This summer I heard two stories of people who've chosen to sleep in their cars. In one case, this choice was forced on a friend when the residents of Jleeb Al-Shuyoukh were hit by power cuts, with my friend taking his three-month-old baby out to his car, turning the AC on and staying awake while the baby slept in the backseat.
I took note of that young father's plight and felt relieved at my own good fortune because Hawally, where I live, didn't have the same problems and secondly, because I was heading for a vacation. After I returned, I called the 'car-sleeping-father' who worked at a car sales showroom. He told me he didn't do that any longer as the so-called power crisis had been resolved. 'So, businesswise, cars with a better AC were in higher demand?' I asked.
Nope", he responded; "What sold more were the rechargeable fans." Those little fans, he told me, would work continuously for two hours in the absence of electricity and could then be recharged for the next two hours once the electricity was back. I imagined how young mothers would treat the fans like their beloved babies, as they would find it bizarre, I think, to go to a car to take rest.
The other story - one man's plight in the night-is a bit weird and rather eerie since it happens in the early hours. I have nightmares after listening to the story told to me by Benny, a forty-something Indian expatriate who lives in Hawally and works at a Kuwait City fast food chain outlet and who would certainly qualify as a survivor of any stress test. It goes as follows: Benny came home after a night shift at around 5:30 am and could find no parking space for his small car - no surprise so far.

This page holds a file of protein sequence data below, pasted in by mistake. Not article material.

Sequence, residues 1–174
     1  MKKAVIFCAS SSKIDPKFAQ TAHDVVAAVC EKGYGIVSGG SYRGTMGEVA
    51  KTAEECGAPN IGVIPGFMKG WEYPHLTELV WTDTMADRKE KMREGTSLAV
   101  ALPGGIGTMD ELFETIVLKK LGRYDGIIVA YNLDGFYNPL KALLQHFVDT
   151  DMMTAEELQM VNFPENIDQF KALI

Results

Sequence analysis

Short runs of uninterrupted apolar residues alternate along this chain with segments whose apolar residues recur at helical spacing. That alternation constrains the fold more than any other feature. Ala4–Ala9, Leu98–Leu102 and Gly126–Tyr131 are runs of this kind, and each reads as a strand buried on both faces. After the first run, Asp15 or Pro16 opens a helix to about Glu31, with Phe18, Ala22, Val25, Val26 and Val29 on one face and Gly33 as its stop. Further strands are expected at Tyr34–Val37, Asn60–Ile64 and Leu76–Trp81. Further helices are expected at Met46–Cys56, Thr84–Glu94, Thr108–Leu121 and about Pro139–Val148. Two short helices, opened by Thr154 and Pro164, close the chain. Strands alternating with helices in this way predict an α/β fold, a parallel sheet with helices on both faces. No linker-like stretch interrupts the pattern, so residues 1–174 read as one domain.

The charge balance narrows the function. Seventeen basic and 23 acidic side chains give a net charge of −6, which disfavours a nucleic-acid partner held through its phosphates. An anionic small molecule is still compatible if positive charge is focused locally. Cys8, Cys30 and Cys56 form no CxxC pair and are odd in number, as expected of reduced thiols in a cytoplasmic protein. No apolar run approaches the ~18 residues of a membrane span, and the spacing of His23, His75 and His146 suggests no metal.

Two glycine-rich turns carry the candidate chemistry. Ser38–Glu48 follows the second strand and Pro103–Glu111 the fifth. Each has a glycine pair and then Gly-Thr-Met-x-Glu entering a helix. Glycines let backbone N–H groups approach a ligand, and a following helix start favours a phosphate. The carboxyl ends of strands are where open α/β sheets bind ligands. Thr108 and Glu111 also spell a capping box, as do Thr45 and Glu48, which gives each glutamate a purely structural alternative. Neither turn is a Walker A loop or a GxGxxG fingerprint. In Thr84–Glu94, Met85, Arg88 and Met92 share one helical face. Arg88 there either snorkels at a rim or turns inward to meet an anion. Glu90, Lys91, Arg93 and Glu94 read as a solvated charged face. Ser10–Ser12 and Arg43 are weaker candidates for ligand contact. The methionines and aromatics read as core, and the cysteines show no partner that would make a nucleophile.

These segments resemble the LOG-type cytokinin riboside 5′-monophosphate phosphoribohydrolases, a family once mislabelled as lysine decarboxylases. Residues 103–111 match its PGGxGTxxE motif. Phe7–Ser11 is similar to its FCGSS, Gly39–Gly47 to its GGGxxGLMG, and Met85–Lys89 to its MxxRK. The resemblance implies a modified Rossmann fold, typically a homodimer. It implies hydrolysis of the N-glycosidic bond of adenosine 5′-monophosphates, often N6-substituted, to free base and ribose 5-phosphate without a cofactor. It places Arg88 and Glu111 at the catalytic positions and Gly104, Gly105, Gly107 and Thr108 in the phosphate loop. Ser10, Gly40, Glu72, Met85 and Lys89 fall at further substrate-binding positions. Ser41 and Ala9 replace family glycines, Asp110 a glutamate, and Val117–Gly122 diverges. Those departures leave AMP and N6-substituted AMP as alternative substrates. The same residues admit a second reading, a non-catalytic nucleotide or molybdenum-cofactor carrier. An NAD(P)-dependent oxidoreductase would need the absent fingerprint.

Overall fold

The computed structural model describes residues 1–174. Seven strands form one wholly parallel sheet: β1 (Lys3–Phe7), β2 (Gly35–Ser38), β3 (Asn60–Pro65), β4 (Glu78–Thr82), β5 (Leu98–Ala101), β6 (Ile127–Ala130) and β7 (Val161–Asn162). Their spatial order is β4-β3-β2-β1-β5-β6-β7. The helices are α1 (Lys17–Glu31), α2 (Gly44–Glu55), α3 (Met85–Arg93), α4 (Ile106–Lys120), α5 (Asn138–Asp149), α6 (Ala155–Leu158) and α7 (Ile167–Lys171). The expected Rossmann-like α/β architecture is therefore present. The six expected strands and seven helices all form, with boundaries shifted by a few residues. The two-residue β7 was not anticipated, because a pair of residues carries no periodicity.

What he did was an example of the concept of turning a crisis into an opportunity. He parked his car on the road, blocking a car belonging to an acquaintance living in his apartment building. With all the car lights and the engine turned off and the windows half-open, he then went to sleep, in a sitting position, making the steering wheel his provisional pillow. He slept for nearly two hours until he was helped to wake up by his 'apartment-mate' who left for work daily at 5:30 am regularly. The delighted car-sleeper was then able to park his car in the newly vacated and neatly reserved space before going home and sleeping in a more traditional bed.
In this situation, again, I consider myself fortunate as I can always find my parking space, two blocks away from my home, without difficulty. I asked my friend, "Isn't that a problem for you to sleep in the car on the road all alone?"
"No", he said. "It's become a habit. But now I have a new problem".
"What?" I asked nervously, imagining various terrible possibilities - burglary? Threats? Kidnap attempts? "The man from my apartment block has gone on holiday," he answered. "Now I need to find another car to park behind!
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